Welsh Naturalists’ Visit


16 May 2008

Members of the Cymdeithas Edward LLwyd  (The National Naturalists' Society of Wales) visited Lismore as part of their journey around Argyll following in the footsteps of one of the greatest scholars of the late eighteenth century, Edward Llwyd, a celebrated botanist, philosopher, geologist and  philologist. The society, which now has over 1000 members, was started by Dafydd Dafis who said that Edward had visited Mull, Iona, Kerrera and had been the first to record that the Celtic languages -Welsh, Scottish, Irish, Manx, Cornish and Brittanish - all had common routes.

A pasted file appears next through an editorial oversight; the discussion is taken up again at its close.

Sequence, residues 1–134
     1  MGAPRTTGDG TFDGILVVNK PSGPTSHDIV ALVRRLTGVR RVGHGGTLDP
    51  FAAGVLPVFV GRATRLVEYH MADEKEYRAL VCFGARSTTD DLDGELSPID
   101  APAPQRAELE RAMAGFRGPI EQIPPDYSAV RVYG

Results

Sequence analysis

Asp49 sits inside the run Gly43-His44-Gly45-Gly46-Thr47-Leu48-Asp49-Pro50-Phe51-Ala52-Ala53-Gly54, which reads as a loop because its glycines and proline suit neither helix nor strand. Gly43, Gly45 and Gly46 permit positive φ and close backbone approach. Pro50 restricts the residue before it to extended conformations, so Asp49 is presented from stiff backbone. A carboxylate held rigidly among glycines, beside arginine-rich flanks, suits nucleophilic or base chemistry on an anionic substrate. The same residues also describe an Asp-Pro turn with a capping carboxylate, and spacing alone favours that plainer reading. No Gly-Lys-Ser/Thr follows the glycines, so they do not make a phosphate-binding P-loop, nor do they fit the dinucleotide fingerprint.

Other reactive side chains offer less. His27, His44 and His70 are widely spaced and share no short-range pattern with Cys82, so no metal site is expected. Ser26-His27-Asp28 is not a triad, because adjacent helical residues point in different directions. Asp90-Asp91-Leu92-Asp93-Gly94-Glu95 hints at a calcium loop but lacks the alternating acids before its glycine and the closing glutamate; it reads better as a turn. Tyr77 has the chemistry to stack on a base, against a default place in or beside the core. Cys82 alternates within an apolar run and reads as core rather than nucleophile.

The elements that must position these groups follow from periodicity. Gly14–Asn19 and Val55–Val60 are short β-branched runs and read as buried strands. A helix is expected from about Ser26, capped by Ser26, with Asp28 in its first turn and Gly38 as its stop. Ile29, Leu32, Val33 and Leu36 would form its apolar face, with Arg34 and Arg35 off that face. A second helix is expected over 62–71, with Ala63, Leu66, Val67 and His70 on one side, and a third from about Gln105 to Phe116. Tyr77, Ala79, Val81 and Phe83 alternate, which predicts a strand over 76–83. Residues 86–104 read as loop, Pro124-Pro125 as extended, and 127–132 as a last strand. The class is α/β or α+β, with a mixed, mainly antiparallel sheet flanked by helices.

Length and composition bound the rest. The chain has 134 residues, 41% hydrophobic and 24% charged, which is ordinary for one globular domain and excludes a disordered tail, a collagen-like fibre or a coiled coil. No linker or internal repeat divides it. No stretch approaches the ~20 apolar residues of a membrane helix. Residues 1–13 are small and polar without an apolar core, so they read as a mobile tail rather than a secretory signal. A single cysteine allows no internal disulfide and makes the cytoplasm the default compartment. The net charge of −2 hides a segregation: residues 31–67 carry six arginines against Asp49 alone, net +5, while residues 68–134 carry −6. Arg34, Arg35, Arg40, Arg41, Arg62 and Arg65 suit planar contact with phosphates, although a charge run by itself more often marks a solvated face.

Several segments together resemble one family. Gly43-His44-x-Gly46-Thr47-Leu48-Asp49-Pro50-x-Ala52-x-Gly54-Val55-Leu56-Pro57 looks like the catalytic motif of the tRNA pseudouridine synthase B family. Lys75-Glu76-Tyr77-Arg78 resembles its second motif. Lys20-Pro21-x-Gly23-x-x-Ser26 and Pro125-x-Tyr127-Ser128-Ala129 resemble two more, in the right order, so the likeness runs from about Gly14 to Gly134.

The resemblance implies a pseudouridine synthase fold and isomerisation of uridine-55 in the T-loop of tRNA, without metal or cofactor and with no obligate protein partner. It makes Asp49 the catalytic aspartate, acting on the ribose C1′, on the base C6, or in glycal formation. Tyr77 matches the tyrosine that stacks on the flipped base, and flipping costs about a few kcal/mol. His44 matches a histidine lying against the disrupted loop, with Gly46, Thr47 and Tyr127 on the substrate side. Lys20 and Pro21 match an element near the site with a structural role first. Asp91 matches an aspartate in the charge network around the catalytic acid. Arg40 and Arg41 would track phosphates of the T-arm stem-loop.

The visit was organised by Barbara Mc Dougall after she met some of them on a walking tour in Wales. The weather was superb for their walk with Barbara along the shore from the ferry to the Broch and on to the church. Later they visited the museum where they heard a talk from Donald Black about the Gaelic language before lunch in beautiful sunshine on the balcony of the café.

As a memento of the visit,  Dr Brian Evans, formerly of the National Library of Wales, presented Barbara with a copy of 'Welsh Origins of Scottish Place Names' by William Oxenham - for the Heritage Library.



Valid XHTML 1.0 Transitional